itlogλit −log(1+λit)) (16) Note that logP is not normalized because it includes instant terms (withτ =0) in the second addend of Eq. (15); hence P should be interpreted as the product of the conditional single-variable probabilities (pseudo likelihood).

As logP is a concave function of the B-GLM parameters ψ= {hi, Jij, Jii}(Shlens2014), inference can be done with Newton’s method. We compute the gradient and the Hessian of logP, i.e. the matrixM(n))of its second derivatives inψ(n), and recursively updateψthrough



· ∇logP (ψ(n))

until ψ(n+1)ψ(n) < (we choose = 103 in practice). Once convergence has been reached the diagonal


elements of the inverse ofMcan be used to estimate the error bars on the inferred parameters.

2.7 Coactivation factor

We define the coactivation ratio (CoA) of a group G of neurons over the time scaleτ through

CoA(G, τ )= f (G, τ )

iGfi(τ ) (17)

wheref (G, τ )is the probability that all the neurons in the group are active within the time scaleτ, and the denomi- nator is the product of the individual spiking probabilities over the same time scale. For a group of independent cells the CoA is on average equal to unity. As a relevant coacti- vation event contributing tof (G, τ )should correspond to a sequence of spikes, in which each neuron ‘reads’ the pre- ceding spike and triggers in turn the next spike, we expect τ to be not larger thann×t, wheren is the number of neurons inGandt =10 ms is the time-bin duration used for the inference, capturing the interactions between pairs of neurons.

The statistical validity of the CoA defined in Eq. (17) can be assessed as follows. Assuming a Poisson distribu- tion for the coactivation events, the standard deviation of the CoA is estimated to be CoA(G, τ)/√

NG(τ ), whereNG(τ )

is the number of coactivation events for the cells inGover the time scaleτ. Note that simultaneous-firing events (con- tributing tof (G, τ )) are unlikely to be found, and the CoA is likely to be zero, if the duration of the recording is small, e.g. compared toTmin=τ/

iGfi(τ ).

3 Results

3.1 Sub-groups of neurons show maximal or minimal susceptibilities for similar values of the drive

Single-neuron susceptibilitiesχi(H )are shown as functions of the driveH for session 1 in Fig.2, top. For many neu- rons the susceptibilities remain small, in the range [0;0.25]

compatible with what is expected for independent cells (Methods). However, some neurons show large positive sus- ceptibilities or even negative values, a result of the presence of strong effective excitatory or inhibitory couplings in the inferred network. We observe in particular the existence of subgroups of neurons, whose susceptibilites show large pos- itive peaks at the same value (or for very close values) of the driveH.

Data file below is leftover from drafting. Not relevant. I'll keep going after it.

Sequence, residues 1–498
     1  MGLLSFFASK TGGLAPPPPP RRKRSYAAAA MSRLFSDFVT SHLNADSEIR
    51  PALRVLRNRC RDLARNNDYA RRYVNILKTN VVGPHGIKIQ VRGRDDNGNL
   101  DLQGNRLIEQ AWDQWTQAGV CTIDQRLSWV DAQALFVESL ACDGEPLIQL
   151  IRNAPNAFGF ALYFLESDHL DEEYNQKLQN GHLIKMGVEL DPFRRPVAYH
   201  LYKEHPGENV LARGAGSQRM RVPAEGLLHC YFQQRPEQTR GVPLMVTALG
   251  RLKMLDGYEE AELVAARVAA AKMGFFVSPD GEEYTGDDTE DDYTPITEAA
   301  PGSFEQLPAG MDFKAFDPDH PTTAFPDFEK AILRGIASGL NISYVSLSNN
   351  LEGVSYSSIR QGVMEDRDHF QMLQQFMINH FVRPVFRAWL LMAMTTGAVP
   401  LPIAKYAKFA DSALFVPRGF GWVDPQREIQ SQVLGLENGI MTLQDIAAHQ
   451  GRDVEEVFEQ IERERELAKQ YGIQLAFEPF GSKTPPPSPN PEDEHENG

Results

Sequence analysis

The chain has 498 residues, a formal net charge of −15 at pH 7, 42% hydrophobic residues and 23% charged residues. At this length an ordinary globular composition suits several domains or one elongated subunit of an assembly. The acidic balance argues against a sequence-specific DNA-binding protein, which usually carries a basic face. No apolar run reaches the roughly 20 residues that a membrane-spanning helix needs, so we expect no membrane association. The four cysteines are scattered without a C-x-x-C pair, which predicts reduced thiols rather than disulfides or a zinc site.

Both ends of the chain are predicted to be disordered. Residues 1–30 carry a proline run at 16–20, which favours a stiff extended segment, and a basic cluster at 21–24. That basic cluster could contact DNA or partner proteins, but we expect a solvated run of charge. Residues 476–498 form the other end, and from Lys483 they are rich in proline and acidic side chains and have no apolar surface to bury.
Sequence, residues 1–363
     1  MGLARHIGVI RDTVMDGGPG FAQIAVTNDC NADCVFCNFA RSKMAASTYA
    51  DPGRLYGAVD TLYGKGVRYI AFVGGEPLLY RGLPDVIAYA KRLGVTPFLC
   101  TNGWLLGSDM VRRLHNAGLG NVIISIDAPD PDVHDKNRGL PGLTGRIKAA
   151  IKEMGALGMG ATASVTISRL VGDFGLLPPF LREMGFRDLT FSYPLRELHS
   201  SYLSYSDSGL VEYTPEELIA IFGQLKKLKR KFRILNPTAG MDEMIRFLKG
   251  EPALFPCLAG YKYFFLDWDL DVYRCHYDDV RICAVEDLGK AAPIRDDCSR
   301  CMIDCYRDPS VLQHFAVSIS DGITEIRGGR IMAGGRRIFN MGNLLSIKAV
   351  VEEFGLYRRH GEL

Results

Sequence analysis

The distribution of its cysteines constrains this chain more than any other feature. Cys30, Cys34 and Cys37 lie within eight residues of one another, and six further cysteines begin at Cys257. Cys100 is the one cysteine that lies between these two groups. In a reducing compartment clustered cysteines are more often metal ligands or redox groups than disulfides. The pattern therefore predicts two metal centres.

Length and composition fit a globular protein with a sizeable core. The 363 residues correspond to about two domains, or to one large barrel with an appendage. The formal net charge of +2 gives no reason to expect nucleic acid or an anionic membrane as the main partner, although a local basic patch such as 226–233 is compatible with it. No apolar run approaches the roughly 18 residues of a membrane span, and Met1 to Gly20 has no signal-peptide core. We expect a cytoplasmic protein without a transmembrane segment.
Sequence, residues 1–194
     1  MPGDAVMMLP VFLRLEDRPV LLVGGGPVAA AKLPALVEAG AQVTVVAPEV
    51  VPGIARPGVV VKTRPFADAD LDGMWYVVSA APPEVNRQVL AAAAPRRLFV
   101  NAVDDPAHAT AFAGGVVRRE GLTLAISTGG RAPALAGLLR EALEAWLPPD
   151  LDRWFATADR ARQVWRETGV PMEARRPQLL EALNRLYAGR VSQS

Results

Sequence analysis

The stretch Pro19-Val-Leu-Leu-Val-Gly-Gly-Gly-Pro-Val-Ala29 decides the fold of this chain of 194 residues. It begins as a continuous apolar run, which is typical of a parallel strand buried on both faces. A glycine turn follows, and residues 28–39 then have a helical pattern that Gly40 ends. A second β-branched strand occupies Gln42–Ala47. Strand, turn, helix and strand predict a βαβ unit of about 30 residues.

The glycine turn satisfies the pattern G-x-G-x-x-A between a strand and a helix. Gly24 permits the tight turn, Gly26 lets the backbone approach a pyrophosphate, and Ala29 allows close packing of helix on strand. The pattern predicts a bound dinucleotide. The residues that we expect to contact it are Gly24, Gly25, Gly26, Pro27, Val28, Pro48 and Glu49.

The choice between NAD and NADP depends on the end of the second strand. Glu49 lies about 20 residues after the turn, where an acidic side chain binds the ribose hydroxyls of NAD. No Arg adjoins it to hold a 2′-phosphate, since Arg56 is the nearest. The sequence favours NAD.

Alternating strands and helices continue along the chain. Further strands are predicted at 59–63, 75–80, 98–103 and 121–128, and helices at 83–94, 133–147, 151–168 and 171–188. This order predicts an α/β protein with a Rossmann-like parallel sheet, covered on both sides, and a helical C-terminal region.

We classify the observed behaviours into three main types summarized in Fig. 2, bottom. The neural suscepti- bility may have an upward bell-like shape with a global maximum (a) or a downward bell-like shape with a global

Fig. 2 Susceptibilities as functions of the drive. Top:

susceptibilitiesχi(H )across the three epochs of session 1.

Upward triangles locate the top susceptibility maxima i+>0.25), while downward triangles show the lowest susceptibility minima (χi<0) of Sleep Pre (blue), Task (red) and Sleep Post (green).

Susceptibilities with such maxima and minima are shown in black, while the other ones are shown in light brown.

Bottom: representative examples of neuron susceptibilities found in the Task epoch of session 1:

(a) upward bell-shaped susceptibility with a maximum (neuron 26); (b) downward bell-shaped susceptibility with a minimum (neuron 27); (c) almost flat susceptibility over the range ofHvalues considered here (neuron 31). Similar susceptibility shapes are found in the other epochs and sessions

0 1 2 3 4 5

-0.2 0 0.2 0.4 0.6 0.8 1

Sleep Pre

0 1 2 3 4 5

-0.2 0 0.2 0.4 0.6 0.8 1


0 1 2 3 4 5

-0.2 0 0.2 0.4 0.6 0.8 1

Sleep Post

0 1 2 3 4 5

-0.2 0 0.2 0.4 0.6


0 1 2 3 4 5

-0.2 0 0.2 0.4 0.6


0 1 2 3 4 5

-0.2 0 0.2 0.4 0.6


drive H

S u sce p tibilities χ